Tuesday, October 2, 2007

Blockwatch - periscope surveillance system


This is a piece that I just finished for a show which is open again on October 13th and 14th from 2-5 pm. Location.Seven artists were invited to create site specific pieces for a suburban backyard. This particular yard had a very bunker like quality so I decided that my contribution would be a 20 foot tall wooden pan/tilt periscope. The scope works remarkably well at spying on her neighbors, who fortunately found the whole thing rather amusing. I think the warning signs that I posted around the neighborhood helped.

Here is a short video showing the scope, spying on random people walking down the lane, looking at the view, and also some detail shots showing the mechanism.



These are some further shots showing the full tower and mechanism details. The construction was pretty simple, 8 pieces of 1.5" fir dowel were used to create the upright risers. These were reinforced with cross rungs that were bolted to them. The tower is constructed in two 10' sections that are slid together over pipes in the middle, this was to make it easier to transport. The tower is stayed using 1/4" rope that is anchored to tent pegs in the ground, this arrangement reinforces the tower greatly.
As for the mechanism it can be divided into two main parts, the pan which allows the top mirror to rotate through 360 degrees, and the tilt which allows the mirror angle to be adjusted.
The pan component consists of a lower pulley with handle that is attached via an endless rope to the top, where there is a lazy susan with rope guides. Spinning the handle spins the lazy susan. The rope is kept in place with a series of eyelets.
The tilt mechanism is a little more complex, the mirror is pivoted in the center on a copper tube, at one end of the mirror are springs which keep tension on the cord, on the other is the cord itself. Pull the cord and the mirror tilts. Complicating this is the fact that mirror can spin fully round. I wanted the tilt to remain independent and unchanging from the spin so I had to run the cord through a guide that sits in the centre of rotation. This guide is relatively invisible in practice because it is located so far back from the focal plane. The tilt is controlled at the bottom with a simple wooden lever.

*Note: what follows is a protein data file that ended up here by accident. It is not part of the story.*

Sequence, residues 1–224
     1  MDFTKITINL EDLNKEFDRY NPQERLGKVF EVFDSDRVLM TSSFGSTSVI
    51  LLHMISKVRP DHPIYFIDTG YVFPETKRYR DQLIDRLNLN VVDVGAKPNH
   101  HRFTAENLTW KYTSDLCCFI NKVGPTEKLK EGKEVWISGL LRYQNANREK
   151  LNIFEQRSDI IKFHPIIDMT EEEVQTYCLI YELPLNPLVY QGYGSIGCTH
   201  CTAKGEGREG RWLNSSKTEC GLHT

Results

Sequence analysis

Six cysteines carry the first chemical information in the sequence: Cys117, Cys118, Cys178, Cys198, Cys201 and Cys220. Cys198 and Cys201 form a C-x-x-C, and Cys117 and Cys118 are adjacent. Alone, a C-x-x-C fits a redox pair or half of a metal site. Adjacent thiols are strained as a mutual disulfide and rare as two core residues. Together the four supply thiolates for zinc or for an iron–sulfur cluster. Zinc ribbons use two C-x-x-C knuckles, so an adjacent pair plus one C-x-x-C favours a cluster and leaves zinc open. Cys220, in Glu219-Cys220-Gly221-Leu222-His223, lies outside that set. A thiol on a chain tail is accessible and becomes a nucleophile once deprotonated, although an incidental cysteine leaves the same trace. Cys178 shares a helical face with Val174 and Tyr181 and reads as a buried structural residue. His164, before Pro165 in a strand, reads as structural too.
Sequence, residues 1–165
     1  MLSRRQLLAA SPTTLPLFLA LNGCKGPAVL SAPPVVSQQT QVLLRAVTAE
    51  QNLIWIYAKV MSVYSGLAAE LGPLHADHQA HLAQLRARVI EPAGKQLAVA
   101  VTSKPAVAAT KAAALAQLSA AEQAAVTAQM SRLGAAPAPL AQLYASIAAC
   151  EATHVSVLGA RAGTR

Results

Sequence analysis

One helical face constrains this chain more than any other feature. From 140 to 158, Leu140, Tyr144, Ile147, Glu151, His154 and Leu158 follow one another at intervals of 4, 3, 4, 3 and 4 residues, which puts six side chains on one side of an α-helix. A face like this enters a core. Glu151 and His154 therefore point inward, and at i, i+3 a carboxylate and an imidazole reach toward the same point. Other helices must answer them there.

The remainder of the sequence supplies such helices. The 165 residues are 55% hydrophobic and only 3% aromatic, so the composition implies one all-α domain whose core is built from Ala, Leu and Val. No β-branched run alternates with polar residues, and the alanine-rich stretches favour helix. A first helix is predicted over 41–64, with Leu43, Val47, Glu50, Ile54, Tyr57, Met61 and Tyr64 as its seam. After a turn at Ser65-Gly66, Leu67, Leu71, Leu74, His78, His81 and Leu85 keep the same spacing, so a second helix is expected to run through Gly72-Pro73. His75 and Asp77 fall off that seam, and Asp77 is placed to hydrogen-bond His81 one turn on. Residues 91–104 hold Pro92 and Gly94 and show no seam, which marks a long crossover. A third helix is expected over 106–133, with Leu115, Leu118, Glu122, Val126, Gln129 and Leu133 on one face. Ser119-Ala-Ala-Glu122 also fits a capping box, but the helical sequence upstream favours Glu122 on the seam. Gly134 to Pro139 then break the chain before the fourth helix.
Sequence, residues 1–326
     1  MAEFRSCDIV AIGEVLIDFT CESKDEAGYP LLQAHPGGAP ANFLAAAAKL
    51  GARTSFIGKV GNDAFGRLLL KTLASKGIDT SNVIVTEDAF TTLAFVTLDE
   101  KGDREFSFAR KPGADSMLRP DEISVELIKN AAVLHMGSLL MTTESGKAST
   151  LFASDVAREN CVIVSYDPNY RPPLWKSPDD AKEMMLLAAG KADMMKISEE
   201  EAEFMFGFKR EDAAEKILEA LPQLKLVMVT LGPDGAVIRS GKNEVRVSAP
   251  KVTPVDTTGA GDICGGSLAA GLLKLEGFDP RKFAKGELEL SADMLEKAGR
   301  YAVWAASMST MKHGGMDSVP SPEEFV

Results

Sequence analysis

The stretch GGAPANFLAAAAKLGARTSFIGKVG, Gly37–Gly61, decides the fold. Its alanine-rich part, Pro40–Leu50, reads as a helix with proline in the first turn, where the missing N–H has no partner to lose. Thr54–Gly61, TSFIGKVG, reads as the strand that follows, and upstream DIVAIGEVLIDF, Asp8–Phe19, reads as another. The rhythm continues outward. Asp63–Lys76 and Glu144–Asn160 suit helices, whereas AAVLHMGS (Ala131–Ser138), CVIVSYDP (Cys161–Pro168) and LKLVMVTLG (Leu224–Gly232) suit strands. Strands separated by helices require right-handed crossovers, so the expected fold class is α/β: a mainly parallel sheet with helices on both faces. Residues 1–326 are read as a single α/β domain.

And these are some of the views that were discovered. The yard sits on an a fair slope, with the back alley 5 feet higher than the grade of the yard. Between this, the retaining walls, the fences and trees one doesn't normally get much of a view from this place. With a 20 foot tower thats taller than the house.. well you can see the mountains and a lot more. Oh and if you are wondering why some of the shots appear to be oriented incorrectly, it was one of the interesting optical quirks of the piece. When you have two mirrors acting as a periscope the view will appear to be right side up when the tower is viewing forward relative to the viewer, but upside down when looking backwards.


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